Chevy will have to play Cap’n Crunch

Contracts expiring after next year could put Jets boss in a squeeze


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CHICAGO — One of the dilemmas facing an NHL GM when all of his young players come of age, is whether he can afford to keep them all. Beginning this summer, Winnipeg Jets GM Kevin Cheveldayoff will be entering this territory.

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Hey there, time traveller!
This article was published 17/01/2015 (2987 days ago), so information in it may no longer be current.

CHICAGO — One of the dilemmas facing an NHL GM when all of his young players come of age, is whether he can afford to keep them all. Beginning this summer, Winnipeg Jets GM Kevin Cheveldayoff will be entering this territory.

Michael Frolik, Andrew Ladd and Dustin Byfuglien are all headed towards unrestricted free agent status and will all be in position to sign extensions this summer. In Frolik’s case, that window is already open and he is scheduled to be an unrestricted free agent next July 1. Ladd and Byfuglien will potentially be UFAs at the end of the 2015-16 season.

Mark Scheifele, Jacob Trouba, Adam Lowry and Michael Hutchinson all have contracts expiring at the end of the 2015-16 season and they will also be eligible for extensions this summer.

This group of players will be restricted free agents at the end of their current deals and as such have less leverage.

Trouba, however, could be a target for an offer sheet from an opposing franchise.

So, Cheveldayoff will want to be prudent but also protective in his strategy for this group. Vultures will be watching to see how Winnipeg flexes its financial muscles.

If Cheveldayoff wants to have all of these players in his lineup when the 2017-18 season begins, he’ll to have to drive smart bargains. Or determine he can’t afford all of these better players and shed cap much like the Chicago Blackhawks did when they said goodbye to Byfuglien, Ladd and Frolik in their own version of cap crunch.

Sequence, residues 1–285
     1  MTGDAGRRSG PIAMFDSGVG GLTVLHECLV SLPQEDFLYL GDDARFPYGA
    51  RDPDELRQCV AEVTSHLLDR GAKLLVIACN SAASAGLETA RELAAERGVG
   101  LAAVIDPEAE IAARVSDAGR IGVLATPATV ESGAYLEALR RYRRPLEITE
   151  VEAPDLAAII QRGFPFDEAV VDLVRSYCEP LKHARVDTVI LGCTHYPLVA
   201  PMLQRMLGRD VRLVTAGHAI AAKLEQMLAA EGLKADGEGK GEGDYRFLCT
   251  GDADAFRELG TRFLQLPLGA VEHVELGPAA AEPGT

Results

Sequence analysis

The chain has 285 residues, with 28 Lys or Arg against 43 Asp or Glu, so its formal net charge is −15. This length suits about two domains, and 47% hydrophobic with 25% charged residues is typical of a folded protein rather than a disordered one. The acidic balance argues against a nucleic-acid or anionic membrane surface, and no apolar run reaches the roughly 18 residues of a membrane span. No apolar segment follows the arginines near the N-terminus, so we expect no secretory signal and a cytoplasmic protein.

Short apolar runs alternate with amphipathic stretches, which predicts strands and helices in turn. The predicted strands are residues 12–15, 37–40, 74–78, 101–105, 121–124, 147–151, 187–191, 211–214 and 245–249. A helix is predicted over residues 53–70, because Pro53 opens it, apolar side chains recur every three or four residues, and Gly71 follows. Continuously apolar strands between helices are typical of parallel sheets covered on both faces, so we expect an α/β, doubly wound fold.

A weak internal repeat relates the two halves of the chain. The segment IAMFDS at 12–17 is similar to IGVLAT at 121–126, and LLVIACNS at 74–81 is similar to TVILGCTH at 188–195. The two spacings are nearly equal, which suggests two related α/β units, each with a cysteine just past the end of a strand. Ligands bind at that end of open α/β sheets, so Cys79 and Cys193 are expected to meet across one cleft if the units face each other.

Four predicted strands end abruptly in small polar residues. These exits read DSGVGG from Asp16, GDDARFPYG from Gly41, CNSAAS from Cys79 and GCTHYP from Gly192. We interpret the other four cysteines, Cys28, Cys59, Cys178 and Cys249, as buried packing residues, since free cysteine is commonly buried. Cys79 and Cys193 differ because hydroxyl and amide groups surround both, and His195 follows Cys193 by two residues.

The Jets already have $38 million on the cap split over nine contracts for the 2016-17 season. Winnipeg has 23 players totalling $64 million in cap space signed to it’s NHL roster today.

For argument’s sake, let’s peg the cap for the 2016-17 season at $75 million and use it as Cheveldayoff’s budget.

It should be noted, Cheveldayoff currently operates under a budget but it’s near impossible to speculate those conditions at this point. Under a scenario where Cheveldayoff was given the green light to spend to the cap, he would have $37 million in cap space to sign 14 more players.

Frolik signed a one-year deal worth $3.3 million last summer. He’s going to get a raise. Call it $4 million for starters.

Byfuglien, 29, will make $6 million next year and Ladd, 29, will earn $4.5 million. They’ll both want raises and significant term to stay in Winnipeg.

Byfuglien is having a major impact on the ice for the Jets this season after returning to the blue-line. He was named an all-star and if his second half duplicates his first, he will get Norris Trophy votes.

What will his value be? If you look at comparable, all-star defencemen, a conservative estimate is $7.5 million.

Ladd is Winnipeg’s captain and among the team’s most consistent goal scorers. He’s developed into a 25-goal man with the potential to hit 30 or more in a banner season. On the open market, Ladd could ring the bell and sign with a contender. GMs all over the league covet this player. He’s won two Cups and understands what is required to succeed deep in the post-season.

Evander Kane is Winnipeg’s highest-paid forward at $6 million and one has to believe the bargaining for Ladd begins there.

These numbers could all be moot if any or all of these players elects to test the market. They could all walk in free agency or force Cheveldayoff to trade them.

So before Cheveldayoff gets around to his RFAs, he’ll likely have to commit north of $17 million to his three pending UFAs leaving him with $19.5 million to sign 11 more players.

Hutchinson, Lowry, Trouba and Scheifele will all be RFAs at the end of the 2015-16 season.

They’ll all be line for raises and it’s hard to guess what the market will be for these individuals. Trouba could be a top pairing defenceman by that point and at worst Scheifele will be a No. 2 centre.

The four won’t eat up all of the remaining money but they’ll take a major chunk of it. Cheveldayoff could find himself with less than $10 million remaining in cap space to fill seven more roster spots.

Cheveldayoff does have a raft of talented but young and inexpensive prospects close to coming on stream. They’ll help ease the burden.

Can Cheveldayoff get it done? He’s proven to be adept at getting good value for his money.

Signing Frolik, Ladd and Byfuglien will be the biggest challenge and he can’t afford to overpay and be out of cash when it’s time to retain his draft picks and develop graduates.

Cheveldayoff is certainly never shy of plans. He’ll have a variety of scenarios depending on how things unfold. Now is his time to execute.

Twitter: @garylawless

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